SALT LAKE CITY — Criminal charges were filed Thursday against a Salt Lake landlord accused of putting hidden cameras in his tenants’ rooms and recording them.
Larry S. Phillips, 69, of Salt Lake City — who is already a registered sex offender from a previous conviction — is charged in 3rd District Court with four counts of burglary, a second-degree felony; and nine counts of voyeurism, a class A misdemeanor,
Police believe Phillips has secretly recorded at least 13 people over the past several years at his house and at other properties.
“Most of the videos are recordings of the male tenants living in the home at the time they were recorded. There are also videos of females, visitors and even LDS missionaries,” a police affidavit states.
Charging documents say Phillips’ crimes date back to at least 2017.
The investigation began when two men renting rooms in Phillips’ home, 1906 E. St. Marys Drive, each found hidden cameras in their bedrooms that were designed to look like iPhone charger blocks, according to charging documents.
On Sept. 10, a SWAT team served a search warrant on Phillips’ house and seized multiple electronic devices.
“A search of the devices located 320 videos of the bathrooms, bedrooms and private bedrooms being rented by the victims, which included the victims naked or engaged in sexual conduct,” the charges state.
Investigators say some of the videos also recorded Phillips setting up the hidden cameras and adjusting the camera angles.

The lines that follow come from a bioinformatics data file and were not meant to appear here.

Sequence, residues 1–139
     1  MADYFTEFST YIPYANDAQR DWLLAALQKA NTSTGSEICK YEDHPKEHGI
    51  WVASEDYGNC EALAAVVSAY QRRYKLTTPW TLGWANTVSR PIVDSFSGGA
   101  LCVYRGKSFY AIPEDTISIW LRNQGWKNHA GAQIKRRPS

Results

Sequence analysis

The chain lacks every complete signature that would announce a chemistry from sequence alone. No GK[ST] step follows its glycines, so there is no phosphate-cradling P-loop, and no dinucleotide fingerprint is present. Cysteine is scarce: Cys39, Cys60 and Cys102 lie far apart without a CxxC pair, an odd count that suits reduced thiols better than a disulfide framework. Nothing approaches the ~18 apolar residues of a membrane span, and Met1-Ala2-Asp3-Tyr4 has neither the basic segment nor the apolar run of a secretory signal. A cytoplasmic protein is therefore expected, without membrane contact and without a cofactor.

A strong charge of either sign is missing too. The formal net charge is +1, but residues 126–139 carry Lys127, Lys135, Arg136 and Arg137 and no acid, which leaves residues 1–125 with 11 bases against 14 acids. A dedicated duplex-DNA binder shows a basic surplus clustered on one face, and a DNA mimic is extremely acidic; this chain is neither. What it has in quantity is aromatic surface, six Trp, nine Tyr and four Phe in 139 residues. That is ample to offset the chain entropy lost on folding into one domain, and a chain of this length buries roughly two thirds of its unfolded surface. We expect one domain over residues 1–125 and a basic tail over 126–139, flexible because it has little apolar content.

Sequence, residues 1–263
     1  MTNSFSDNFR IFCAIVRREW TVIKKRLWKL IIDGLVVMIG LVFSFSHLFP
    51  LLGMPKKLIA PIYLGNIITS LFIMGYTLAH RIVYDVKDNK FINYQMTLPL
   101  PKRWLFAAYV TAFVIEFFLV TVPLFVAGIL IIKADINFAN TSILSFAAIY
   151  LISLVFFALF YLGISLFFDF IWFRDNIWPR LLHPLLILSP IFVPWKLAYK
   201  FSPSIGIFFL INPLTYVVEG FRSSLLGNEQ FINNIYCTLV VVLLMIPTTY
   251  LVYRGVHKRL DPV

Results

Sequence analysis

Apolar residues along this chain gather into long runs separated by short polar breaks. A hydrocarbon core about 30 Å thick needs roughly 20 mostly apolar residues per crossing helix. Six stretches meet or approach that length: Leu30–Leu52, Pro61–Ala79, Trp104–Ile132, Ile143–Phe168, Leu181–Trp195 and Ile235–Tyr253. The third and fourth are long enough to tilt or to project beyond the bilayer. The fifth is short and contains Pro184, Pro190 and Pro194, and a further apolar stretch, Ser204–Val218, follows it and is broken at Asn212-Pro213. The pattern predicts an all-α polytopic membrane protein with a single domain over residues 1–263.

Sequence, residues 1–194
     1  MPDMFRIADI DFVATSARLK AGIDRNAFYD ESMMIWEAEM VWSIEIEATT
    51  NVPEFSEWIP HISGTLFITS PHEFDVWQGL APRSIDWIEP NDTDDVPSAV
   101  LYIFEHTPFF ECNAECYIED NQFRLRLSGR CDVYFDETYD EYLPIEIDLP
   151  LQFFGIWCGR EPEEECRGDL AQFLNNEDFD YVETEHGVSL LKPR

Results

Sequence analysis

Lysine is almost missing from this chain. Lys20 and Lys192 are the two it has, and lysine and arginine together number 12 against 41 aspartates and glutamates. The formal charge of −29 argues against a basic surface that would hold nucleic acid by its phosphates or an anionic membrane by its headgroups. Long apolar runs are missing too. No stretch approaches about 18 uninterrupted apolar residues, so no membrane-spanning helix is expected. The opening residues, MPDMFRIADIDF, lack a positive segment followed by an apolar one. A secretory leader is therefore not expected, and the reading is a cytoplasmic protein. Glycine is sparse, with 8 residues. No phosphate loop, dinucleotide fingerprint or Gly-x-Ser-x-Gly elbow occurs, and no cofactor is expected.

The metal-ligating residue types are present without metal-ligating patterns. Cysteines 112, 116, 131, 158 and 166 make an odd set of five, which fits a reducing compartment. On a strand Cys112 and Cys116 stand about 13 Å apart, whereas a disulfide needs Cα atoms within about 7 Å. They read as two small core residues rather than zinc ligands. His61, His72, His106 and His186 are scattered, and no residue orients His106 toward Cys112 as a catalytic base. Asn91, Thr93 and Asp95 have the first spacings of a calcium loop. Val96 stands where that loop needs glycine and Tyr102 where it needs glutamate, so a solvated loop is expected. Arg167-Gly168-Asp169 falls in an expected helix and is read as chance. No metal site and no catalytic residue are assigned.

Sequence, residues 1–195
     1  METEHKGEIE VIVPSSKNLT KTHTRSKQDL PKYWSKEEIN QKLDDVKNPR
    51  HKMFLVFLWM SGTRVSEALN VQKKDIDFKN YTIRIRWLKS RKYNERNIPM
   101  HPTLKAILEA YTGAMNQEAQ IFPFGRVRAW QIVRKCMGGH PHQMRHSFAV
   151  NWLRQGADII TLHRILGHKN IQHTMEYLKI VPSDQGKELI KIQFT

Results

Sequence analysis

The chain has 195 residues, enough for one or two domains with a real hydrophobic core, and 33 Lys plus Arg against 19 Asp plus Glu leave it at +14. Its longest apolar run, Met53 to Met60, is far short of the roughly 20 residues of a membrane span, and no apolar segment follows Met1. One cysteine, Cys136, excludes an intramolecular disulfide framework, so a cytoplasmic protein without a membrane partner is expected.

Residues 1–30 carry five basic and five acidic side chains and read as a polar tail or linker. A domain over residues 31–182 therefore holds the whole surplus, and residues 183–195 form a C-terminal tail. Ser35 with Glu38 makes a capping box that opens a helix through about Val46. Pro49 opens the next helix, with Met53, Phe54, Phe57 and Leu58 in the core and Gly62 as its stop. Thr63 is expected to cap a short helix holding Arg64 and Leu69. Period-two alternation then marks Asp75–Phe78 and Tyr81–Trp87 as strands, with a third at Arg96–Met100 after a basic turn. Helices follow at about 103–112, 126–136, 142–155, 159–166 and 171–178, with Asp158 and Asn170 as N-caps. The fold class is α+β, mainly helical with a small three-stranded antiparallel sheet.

Additionally, videos were also discovered that were recorded at two places owned by one of Phillips’ friends, a public locker room and a public art class, according to the charges.
When police showed one of the victims who had recently rented a room from Philips what the clandestine camera looked like, he stated, “There was always one in the bathroom. That’s outrageous. ... That’s freaking annoying,” the charges say.
Another man told police that he would unplug the “little black things” he found in the outlets his room, but would later find that someone had plugged them back in. He said he worried at the time they might be cameras.
After Phillips was arrested on Monday, he told police that he had four cameras in his house and two in an art studio, but claimed they were for security purposes, according to the charges.
Phillips was convicted in 2015 of two counts of forcible sex abuse for an incident that happened in St. George in 2002 and he is required to register with the Utah Sex Offender and Kidnap Registry due to that conviction.